- people on the move
Fifty-four small and midsize companies from around Michigan have been selected to receive business development support through the Pure Michigan Business Connect Economic Gardening Pilot Program being offered by the Michigan Economic Development Corp., including Atomic Object and Proos Manufacturing.
“The goal of this program is to help these second-stage companies grow and, in turn, generate new private investment and create new jobs for Michigan,” said Michael A. Finney, MEDC CEO/president, last week. “The program is part of our toolkit for economic gardening that’s built on Michigan’s broad asset base of strong corporate enterprises, innovative entrepreneurs and rich technology resources.”
The program will be administered through the Cassopolis-based Edward Lowe Foundation and will include four areas of support: strategy and management; market research/competitive intelligence; Internet and social media strategy; and geographical information systems to help identify potential customers in other states.
The support from the Economic Gardening Pilot Program does not entail financial assistance; rather, it is hours of consultation and research data provided to each CEO by a four-person Strategic Resource Team arranged by the Lowe Foundation.
According to the Ewing Marion Kauffman Foundation in Kansas City, economic gardening is an economic development model that embraces the fundamental idea that entrepreneurs drive economies as opposed to large existing corporations. The model seeks to create jobs by supporting existing companies in a community. The concept was pioneered in 1987 in Littleton, Colo., and is an alternative to traditional economic development practices.
The Edward Lowe Foundation is especially interested in the concept and is supporting such programs that assist second-stage companies, according to the Kauffman Foundation.
Under the Pure Michigan Business Connect program, the team from the Lowe Foundation will work with each of the 54 CEOs to determine the specific areas of help needed to enable the company to grow, and then supplies the CEO with relevant and actionable information about their competitors, markets and customers. Each company engagement is expected to take a total of two to three weeks to complete.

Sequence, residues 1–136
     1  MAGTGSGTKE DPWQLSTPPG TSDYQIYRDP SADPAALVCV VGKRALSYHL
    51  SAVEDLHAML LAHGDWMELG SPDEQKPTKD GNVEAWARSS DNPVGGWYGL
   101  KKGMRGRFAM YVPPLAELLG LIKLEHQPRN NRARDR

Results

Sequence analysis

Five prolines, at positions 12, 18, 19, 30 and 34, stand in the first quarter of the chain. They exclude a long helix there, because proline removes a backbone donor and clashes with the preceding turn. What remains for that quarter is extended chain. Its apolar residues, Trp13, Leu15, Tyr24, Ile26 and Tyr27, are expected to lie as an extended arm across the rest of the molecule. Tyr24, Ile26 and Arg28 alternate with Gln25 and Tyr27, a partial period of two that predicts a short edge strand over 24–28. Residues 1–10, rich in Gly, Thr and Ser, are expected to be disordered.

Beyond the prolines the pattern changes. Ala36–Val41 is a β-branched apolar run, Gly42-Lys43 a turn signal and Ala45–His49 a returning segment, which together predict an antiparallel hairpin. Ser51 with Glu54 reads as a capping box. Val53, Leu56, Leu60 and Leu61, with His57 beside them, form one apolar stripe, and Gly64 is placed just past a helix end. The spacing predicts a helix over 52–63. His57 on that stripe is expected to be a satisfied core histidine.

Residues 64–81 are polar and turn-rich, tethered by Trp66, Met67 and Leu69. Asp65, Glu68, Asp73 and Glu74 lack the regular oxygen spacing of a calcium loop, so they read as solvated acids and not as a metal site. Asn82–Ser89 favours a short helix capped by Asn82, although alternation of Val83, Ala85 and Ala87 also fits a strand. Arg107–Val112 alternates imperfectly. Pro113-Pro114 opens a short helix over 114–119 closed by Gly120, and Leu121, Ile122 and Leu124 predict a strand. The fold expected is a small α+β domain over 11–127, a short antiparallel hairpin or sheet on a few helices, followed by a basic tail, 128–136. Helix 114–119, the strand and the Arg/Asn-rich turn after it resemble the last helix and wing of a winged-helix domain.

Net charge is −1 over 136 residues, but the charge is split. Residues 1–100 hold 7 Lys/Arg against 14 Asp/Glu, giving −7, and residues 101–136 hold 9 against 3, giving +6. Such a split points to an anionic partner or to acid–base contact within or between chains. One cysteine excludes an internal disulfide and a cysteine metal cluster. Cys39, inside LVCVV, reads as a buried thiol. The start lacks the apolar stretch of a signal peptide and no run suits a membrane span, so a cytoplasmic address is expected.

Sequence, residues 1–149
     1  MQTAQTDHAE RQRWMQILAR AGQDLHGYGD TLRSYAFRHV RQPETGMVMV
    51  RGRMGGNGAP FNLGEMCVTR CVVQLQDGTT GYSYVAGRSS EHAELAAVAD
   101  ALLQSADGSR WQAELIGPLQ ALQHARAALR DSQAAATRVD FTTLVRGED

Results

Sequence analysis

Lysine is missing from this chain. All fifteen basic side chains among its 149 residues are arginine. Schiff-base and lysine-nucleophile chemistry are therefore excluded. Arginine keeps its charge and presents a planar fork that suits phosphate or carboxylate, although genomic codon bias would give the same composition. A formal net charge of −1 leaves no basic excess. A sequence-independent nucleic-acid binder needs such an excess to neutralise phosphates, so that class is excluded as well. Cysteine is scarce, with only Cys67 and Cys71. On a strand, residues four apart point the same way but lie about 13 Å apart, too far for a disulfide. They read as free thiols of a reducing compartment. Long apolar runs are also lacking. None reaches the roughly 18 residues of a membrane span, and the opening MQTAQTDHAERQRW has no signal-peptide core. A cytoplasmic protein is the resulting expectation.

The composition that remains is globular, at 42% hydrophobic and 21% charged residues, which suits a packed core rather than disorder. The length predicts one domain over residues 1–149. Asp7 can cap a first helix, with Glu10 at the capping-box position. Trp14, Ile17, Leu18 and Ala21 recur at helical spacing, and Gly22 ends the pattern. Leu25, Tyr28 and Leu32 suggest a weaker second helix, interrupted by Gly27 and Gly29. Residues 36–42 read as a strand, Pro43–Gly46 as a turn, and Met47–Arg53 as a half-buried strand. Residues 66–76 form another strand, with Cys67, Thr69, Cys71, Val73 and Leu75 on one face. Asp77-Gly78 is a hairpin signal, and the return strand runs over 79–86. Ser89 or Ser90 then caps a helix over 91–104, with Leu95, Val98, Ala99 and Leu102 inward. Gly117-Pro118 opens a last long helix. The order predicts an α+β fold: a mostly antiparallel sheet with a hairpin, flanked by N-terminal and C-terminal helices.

“Each company’s CEO will be paired with a Strategic Research Team for a total of 35 hours spread across all four members of the team,” according to the MEDC announcement.
Atomic Object, 941 Wealthy St. SE, is a software development firm founded in Grand Rapids in 2001 by Carl Erickson and Bill Bereza. Their collaboration began at GVSU, where Erickson was a professor and Bereza a student.
“We build ridiculously good custom software for startups, huge companies and everyone in-between,” states its website. Erickson describes that in greater detail as “web, mobile and imbedded” software made to order for clients, which range from automotive companies and aerospace to the video games industry.
“We are very successful at what we do,” said Erickson. The company has clients around the nation and now employs about 32. But Atomic Object has been growing at about 25 percent per year and is “now at a crossroads,” said Erickson. It has been turning down work and has a backlog of projects scheduled.
“Right now we are taking a step back,” said Erickson, “taking a more strategic look at growth possibilities,” because adding more people to the workplace increases the difficulty of maintaining maximum team collaboration and innovation.